This month I share a God-is-good love story, Bill’s and my story that was in Chicken Soup for the Soul: The Dating Game.
Unforgettable! One word out of many to describe this Sunday in July with its sweltering 101 degrees. Imagine me standing outside a friend’s rent house with Matt playing his newly invented game: throw-the-ball-on-the-roof-and-see-who-can-catch-it-wherever-it-falls. For a Southern girl, I’m almost perspiring. Okay, I’m sweating. Yet, I’m trying hard to appease my nine-year-old son. Matt had been a good sport all weekend, playing alone while I gabbed away with my best friend Nina.
It had been a year since Nina and Steve had moved an hour away. For me, it had been one whole school year teaching high school art and English as a single mom without her best buddy for encouragement. Nina is that friend every woman needs, not only when she’s going through a divorce, but afterwards, when all of her other married friends have abandoned her.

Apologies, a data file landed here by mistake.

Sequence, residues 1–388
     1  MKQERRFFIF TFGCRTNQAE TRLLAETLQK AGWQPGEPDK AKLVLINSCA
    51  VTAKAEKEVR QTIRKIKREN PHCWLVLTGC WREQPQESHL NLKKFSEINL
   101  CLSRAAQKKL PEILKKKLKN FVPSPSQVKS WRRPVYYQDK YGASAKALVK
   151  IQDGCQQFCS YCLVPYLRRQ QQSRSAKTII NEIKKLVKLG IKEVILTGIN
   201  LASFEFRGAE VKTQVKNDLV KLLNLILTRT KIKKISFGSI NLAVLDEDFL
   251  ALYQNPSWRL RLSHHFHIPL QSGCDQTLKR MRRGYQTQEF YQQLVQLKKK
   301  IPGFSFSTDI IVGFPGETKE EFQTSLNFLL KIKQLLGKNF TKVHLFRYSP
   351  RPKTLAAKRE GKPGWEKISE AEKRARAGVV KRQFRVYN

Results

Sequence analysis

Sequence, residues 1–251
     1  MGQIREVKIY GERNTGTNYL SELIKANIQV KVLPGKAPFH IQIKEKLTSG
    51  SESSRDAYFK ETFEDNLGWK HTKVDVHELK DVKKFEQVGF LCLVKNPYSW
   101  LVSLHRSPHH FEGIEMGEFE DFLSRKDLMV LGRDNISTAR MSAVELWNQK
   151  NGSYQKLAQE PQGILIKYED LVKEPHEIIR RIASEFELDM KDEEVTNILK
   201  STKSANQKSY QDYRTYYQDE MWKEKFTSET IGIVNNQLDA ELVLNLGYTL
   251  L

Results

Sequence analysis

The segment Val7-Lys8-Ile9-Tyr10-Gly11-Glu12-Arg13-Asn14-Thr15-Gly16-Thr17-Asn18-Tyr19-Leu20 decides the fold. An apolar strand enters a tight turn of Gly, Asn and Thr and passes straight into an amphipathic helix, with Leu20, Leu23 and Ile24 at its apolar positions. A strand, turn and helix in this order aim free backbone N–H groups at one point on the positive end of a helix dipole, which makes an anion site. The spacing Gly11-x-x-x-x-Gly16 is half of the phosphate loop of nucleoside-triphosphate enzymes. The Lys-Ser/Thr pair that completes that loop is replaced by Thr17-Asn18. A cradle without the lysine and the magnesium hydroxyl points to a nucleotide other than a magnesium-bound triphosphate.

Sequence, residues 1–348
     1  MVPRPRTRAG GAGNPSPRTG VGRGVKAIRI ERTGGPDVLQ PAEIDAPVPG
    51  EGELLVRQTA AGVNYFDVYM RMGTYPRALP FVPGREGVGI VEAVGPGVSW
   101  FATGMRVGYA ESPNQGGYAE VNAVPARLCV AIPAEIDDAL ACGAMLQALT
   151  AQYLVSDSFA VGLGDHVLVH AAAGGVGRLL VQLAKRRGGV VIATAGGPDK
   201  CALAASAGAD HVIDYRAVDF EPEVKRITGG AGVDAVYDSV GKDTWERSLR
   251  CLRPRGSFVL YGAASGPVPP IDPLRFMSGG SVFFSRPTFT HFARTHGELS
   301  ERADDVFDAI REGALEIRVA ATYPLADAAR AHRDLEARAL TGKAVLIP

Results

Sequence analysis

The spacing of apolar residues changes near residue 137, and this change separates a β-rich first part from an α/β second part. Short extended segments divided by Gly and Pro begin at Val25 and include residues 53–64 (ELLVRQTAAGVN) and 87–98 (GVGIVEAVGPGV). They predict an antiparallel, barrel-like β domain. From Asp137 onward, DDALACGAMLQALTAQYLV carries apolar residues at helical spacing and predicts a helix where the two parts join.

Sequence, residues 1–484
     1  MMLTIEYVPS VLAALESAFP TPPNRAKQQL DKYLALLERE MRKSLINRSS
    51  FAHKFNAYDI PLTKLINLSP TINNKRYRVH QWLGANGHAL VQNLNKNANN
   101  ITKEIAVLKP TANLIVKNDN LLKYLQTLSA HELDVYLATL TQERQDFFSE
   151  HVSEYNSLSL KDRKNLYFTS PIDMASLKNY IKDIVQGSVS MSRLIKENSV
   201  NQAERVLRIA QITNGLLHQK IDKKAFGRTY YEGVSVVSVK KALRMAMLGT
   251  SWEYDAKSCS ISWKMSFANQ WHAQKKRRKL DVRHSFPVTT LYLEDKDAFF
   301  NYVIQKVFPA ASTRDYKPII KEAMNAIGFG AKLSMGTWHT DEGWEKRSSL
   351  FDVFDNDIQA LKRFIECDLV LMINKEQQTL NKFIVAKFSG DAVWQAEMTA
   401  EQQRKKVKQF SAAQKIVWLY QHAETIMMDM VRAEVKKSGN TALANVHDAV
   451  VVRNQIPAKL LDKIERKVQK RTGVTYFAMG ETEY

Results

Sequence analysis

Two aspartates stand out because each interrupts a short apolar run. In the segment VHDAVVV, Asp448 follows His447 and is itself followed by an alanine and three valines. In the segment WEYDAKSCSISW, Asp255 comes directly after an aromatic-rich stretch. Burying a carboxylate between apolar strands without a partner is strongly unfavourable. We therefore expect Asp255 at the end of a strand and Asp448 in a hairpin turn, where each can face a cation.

It was Nina who affirmed, “Ann, you’ve been a great wife and mother. It was his choices and now his loss.” Throughout those days I needed to be reminded I was a person of worth when all I felt was rejection.
And it was Nina who had self-appointed herself to be my official matchmaker.
“I have just the one for you, my brother . . . my mechanic . . . the choir director . . . Steve has a colleague . . .” Nina believed there was a knight in shining armor for me when I couldn’t.
So it was for that weekend, too. Once Nina had arranged my visit and knew I would be able to help her with moving their college-aged daughter into this rent house, she also arranged for some man to bring his truck and help.